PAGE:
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Race to the Top Is Five Years Old, But Did It Actually Improve Student Achievement?

Race to the Top just had its fifth birthday and almost all of the $4 billion in federal cash states were awarded under the programs has been spent. 

So did the program actually move the needle on student achievement? Did the money make a difference in states that had it and states that didn't? We'll know all those answers...eventually.

The Institute of Education Sciences, the U.S. Department of Education's independent research arm, is working on a report on the program, but we won't know their findings until next year, at the earliest. Researchers will also be taking a hard look at the impact of another key Obama initiative—the School Improvement Grant program, which got $3 billion in the American Recovery and Reinvestment Act (the law that created Race to the Top.) 

At the time Race the Top was first rolled out, some researchers noted that many of the policies it favored—especially boosting charter and evaluating teachers based on test scores—didn't have a strong scientific base to back them up. Similar sentiments were expressed about SIG. 

For the Race to the Top study, researchers will be comparing policies and practices in the dozen states that won grants to those states that applied for grants but weren't awarded them. They'll also look at whether student outcomes actually improved in RTT states. Chiefly, the study will include incorporate information from interviews with officials in all 50 states, and take a close look at data from the National Assessment of Educational Progress.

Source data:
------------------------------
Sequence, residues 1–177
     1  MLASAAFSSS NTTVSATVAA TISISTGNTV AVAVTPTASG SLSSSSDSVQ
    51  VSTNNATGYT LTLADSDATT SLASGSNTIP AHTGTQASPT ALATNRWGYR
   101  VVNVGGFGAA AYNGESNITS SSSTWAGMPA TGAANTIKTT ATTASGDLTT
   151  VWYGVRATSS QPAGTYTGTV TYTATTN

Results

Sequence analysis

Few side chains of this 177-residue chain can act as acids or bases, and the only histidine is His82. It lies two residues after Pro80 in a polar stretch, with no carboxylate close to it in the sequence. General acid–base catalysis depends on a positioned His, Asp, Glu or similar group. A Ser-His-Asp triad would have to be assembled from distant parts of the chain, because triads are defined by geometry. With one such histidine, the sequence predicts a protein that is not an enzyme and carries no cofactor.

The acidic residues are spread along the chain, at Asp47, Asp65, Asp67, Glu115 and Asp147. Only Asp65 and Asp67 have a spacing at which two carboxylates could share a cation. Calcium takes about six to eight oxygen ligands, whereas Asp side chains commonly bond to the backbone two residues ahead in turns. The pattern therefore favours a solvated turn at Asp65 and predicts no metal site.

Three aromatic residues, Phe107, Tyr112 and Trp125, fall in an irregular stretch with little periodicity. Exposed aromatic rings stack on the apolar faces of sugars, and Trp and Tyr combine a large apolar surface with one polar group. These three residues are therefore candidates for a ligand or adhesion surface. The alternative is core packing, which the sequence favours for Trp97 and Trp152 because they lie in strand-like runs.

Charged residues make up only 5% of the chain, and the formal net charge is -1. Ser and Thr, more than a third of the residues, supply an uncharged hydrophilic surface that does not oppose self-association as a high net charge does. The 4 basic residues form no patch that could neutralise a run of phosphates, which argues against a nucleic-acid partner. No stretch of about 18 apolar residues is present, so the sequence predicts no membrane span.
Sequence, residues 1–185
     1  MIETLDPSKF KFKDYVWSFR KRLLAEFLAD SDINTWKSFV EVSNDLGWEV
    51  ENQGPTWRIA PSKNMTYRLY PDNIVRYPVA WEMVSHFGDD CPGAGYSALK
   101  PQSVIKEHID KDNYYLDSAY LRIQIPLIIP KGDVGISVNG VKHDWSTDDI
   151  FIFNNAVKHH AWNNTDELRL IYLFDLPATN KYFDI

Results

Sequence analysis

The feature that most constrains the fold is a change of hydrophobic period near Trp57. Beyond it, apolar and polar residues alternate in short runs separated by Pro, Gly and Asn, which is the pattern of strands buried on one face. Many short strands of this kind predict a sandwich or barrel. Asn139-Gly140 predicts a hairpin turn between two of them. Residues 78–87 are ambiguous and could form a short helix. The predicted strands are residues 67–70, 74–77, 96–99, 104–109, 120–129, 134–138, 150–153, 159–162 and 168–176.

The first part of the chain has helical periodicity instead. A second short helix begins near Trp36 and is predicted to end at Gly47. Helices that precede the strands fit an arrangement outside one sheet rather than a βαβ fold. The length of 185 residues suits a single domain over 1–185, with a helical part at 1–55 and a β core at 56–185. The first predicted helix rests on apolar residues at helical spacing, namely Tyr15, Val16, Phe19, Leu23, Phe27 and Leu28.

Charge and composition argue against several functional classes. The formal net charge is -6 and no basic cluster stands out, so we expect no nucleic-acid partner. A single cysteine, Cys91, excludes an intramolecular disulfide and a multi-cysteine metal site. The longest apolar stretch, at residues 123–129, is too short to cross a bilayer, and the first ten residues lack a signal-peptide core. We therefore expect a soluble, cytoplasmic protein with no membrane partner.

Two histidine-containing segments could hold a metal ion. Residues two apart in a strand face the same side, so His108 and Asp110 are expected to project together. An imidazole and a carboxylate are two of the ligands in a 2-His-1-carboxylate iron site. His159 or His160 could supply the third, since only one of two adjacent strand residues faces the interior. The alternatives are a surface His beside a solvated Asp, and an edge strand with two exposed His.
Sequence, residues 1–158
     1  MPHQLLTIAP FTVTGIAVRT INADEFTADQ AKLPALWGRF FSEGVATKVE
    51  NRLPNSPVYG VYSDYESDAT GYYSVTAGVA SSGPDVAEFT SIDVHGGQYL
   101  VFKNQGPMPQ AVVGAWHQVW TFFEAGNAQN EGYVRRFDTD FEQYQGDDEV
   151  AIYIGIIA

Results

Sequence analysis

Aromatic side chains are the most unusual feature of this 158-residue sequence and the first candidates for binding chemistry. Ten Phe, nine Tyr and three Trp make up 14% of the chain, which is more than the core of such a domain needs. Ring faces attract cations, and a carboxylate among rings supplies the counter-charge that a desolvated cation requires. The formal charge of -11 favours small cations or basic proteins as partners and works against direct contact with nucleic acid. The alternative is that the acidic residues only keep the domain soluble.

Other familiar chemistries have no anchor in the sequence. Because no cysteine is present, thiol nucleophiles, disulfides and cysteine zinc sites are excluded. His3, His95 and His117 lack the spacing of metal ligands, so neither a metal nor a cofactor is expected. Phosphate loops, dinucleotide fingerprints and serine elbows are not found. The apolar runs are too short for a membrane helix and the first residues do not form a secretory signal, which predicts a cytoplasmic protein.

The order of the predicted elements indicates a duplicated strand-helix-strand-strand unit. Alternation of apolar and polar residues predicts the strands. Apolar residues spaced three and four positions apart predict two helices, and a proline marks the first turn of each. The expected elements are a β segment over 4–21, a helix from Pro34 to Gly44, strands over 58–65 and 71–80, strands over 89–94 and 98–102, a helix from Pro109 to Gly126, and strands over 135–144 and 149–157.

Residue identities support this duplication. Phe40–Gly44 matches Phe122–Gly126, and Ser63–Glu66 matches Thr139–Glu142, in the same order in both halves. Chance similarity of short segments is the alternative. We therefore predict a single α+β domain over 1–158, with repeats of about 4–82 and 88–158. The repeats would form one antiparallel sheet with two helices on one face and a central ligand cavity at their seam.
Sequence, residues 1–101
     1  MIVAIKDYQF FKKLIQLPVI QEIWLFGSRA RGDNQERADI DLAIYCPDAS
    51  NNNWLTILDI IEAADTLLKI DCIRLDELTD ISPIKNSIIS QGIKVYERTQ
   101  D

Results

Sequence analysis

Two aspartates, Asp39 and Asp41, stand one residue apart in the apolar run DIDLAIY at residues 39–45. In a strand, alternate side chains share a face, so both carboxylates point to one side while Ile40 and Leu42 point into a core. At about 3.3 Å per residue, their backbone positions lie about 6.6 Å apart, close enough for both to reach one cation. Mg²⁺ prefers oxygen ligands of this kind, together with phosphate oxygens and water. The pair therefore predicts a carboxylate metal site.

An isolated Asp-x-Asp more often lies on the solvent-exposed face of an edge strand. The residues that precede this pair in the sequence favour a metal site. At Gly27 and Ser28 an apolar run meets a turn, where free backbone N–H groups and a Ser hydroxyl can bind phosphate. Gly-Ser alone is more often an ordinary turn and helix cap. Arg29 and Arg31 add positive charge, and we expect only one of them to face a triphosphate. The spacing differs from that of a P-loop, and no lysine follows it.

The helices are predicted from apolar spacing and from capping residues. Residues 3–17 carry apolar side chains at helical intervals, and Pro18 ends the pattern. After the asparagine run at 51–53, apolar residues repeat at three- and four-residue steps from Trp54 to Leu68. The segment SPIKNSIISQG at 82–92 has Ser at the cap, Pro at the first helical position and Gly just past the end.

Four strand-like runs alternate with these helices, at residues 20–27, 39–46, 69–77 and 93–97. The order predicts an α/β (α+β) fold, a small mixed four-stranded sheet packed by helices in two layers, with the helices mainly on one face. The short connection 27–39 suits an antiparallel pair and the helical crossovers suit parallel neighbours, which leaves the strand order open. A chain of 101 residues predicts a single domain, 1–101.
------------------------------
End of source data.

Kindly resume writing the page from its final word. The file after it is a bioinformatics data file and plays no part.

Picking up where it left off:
Of course, many say Race to the Top's biggest impact was its ability to change laws and policies even in loser states. So it would seem that a program evaluation would only paint part of the picture when it comes to Race to the Top's success (or lack thereof).

The SIG evaluation will look at 525 schools in 20 states, including analyses of both student achievement data and interviews with folks implementing the controversial program. But lawmakers are already underwhelmed by early results, and the program has gone through major legislative changes that opened the door to way more flexibility at the state level. (The department is expected to outline just what those changes actually mean in coming weeks.)

The evaluations wrap up in September of 2015, but there's no word on when the final report will come out. That means, overall, that we won't get access to a rigorous look at two of the Obama administration's earliest and most important policy initiatives until the tail end of the president's tenure.

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